I first started out reading this book to learn the basics. It was a great starter book that kept things really simple. Soapmaking can really be as simple or as complicated as you want it to be!
I joined this mailing list in which “soapers” post questions, ask advice, etc. It is run out of Australia, but I have found soapmaking is really the same, no matter where you are! It is fun to join together with like minded people.
Recently, they posted a soap swap challenge — since the people on this list are all over the world, we really can’t make soap and send to other people (well we could, but postage might be a little challenging), so it was decided we would each make the same soap, and share our experiences. Fun!
This is the recipe we all made. There was a lot of talk on the list about sustainability, and lot of people don’t use coconut oil or palm oil, because of sustainability issues. I don’t claim to understand it all, but I do understand the need or want to use only local oils in your soap. Personally, I don’t know what kind of oils would be local to me!
Lemon Salt Scrub Soap
110 grams lye
220 grams filtered water
760 grams pomace olive oil
40 grams castor oil
200 grams salt
1 tbsp sage
10 drops texas sandalwood essential oil
40 drops lavendar essential oil
40 drops lemongrass essential oil
2 tsp ground oats
First, measure out the water into a container of your choice. I use a bucket I got at a thrift store. Measure of the lye in a separate container.
I buy the lye at our local Ace Hardware.
When you mix the water and the lye together, you ALWAYS want to pour the lye into the water, not the other way around. Protective gear is a must!
Yes, I really do wear all of this. Lye is dangerous, and you can really get hurt. Once I decided not to wear the goggles, and I splattered some lye mixture about 1 mm away from my eye. I really could have gotten hurt, and I am super careful ever since then!
I take it outside, so the fumes are not in our house.
It will immediately cause a chemical reaction, and get super hot. Stir until all the crystals are combined.
Now, the mixture has to cool down a little, so I just leave it outside to cool as I prepare the rest of the ingredients.
You want to heat the oils to around 110 degrees F. I use a small crockpot for this. You could also heat it in the microwave, or on the stove.
Also, prepare the salt mixture. Combine the salt and the sage and mix well. I used a fine grain salt, and a coarse grain.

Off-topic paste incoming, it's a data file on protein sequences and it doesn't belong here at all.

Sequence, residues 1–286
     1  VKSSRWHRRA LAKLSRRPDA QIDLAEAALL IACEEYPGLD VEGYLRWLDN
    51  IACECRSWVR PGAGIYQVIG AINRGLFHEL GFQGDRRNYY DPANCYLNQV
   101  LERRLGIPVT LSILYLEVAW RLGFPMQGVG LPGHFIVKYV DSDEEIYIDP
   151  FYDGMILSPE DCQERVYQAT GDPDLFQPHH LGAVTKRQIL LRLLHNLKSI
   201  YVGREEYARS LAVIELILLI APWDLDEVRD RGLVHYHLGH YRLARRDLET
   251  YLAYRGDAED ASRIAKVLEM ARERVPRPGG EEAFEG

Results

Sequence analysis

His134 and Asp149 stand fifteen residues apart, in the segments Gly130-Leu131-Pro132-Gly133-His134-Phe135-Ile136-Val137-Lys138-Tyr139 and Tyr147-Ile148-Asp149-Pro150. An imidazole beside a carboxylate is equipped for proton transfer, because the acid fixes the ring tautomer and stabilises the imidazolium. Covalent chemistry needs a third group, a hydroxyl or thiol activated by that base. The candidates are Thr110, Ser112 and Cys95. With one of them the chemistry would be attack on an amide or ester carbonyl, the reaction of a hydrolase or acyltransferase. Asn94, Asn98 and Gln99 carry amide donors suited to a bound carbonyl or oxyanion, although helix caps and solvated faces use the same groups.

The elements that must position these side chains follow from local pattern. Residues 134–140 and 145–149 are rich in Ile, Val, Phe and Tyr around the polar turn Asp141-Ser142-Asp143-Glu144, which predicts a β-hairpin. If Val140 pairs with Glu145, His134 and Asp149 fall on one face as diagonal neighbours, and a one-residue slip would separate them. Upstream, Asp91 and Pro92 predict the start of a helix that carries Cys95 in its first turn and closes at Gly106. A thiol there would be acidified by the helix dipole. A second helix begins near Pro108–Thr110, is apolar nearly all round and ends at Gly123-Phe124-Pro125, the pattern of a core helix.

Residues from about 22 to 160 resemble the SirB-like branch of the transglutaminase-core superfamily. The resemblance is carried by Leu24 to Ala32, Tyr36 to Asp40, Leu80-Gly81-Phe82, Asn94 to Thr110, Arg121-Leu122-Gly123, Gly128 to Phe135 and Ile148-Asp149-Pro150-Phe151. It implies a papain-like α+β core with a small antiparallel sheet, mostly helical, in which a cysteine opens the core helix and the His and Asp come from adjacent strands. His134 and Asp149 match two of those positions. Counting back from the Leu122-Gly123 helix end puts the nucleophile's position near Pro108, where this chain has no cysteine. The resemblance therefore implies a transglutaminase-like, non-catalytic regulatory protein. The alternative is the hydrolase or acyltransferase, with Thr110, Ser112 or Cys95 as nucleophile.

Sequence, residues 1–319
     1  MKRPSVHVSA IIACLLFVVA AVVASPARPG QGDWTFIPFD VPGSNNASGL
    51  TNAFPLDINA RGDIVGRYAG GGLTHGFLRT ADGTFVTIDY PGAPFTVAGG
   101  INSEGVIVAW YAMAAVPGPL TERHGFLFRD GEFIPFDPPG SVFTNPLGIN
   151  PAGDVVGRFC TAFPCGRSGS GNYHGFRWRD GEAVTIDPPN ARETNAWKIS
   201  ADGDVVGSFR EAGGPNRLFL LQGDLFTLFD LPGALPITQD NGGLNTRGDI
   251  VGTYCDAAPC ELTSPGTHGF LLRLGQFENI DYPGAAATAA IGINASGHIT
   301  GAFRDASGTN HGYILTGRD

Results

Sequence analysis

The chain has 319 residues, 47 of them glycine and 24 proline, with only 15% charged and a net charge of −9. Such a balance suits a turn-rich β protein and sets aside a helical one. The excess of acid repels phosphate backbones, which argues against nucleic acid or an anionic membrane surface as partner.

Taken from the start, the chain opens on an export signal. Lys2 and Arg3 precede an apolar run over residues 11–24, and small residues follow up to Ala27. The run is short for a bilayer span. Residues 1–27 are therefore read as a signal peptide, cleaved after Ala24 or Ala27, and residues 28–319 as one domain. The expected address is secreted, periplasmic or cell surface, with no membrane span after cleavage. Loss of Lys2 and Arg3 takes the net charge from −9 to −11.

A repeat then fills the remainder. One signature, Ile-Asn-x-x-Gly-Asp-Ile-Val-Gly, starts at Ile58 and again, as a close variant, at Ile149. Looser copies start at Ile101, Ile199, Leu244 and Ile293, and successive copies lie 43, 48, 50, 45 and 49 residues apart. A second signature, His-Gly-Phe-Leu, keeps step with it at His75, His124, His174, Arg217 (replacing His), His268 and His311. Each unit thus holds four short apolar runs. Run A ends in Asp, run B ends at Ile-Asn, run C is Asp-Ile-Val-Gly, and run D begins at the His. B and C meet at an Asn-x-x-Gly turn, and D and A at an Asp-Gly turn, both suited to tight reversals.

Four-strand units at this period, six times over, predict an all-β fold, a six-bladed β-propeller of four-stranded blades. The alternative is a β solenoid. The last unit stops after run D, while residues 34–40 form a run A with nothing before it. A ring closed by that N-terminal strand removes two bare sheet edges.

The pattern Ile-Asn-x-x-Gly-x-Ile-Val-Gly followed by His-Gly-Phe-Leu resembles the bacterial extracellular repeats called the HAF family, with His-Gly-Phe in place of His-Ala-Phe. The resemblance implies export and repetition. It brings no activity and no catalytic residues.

Pour just a little of the salt on the bottom of the mold.
Also, prepare the essential oils and oats.
Now the fun begins! When the oils are around 110-115 degrees, and the lye is around 115 degrees F as well, it is time to mix!
Mix the oil mixture and the lye mixture together, and using an immersion blender, blend them to combine.
You are looking for what soapmakers call “trace”, where if you trace a line across the mixture, it would leave an impression. To me, I just look for when it turns into pudding consistency. This took me about 5 minutes.
At this time, add in the essential oil mixture, and beat again just to combine.
Time to pour into the mold!
I scooped in 1/2 the mixture, then put the rest of the salt on top, which will actually be the middle of the soap.
With a knife, I mixed the salt into the soap.
Add the rest of the soap mixture. I had a little extra salt, so I mixed that on top of the soap.
Now, the soap needs to “incubate” overnight. I just cover it with a towel and let it firm up. You don’t want it to cool to quickly, or too slowly. So, you wouldn’t want to put it next to a breezy window, or by a heat vent.
Let it sit 24 hours, or at least 12. Remove from the mold, and cut into bars.
I just use a regular knife to cut them into bars.
Aren’t they pretty?? They smell so good too!
Now, they need to cure for 4-6 weeks before you can use them. Because this was made cold-process, the lye is still active. Letting the bars set for a few weeks will give the lye a chance to simmer down and because non-caustic.
So – would you ever try making soap at home? It is addicting!! I have so much soap right now, we will never need to buy it again! I love that I can add healing herbal properties in my soap, and I know exactly what is in it!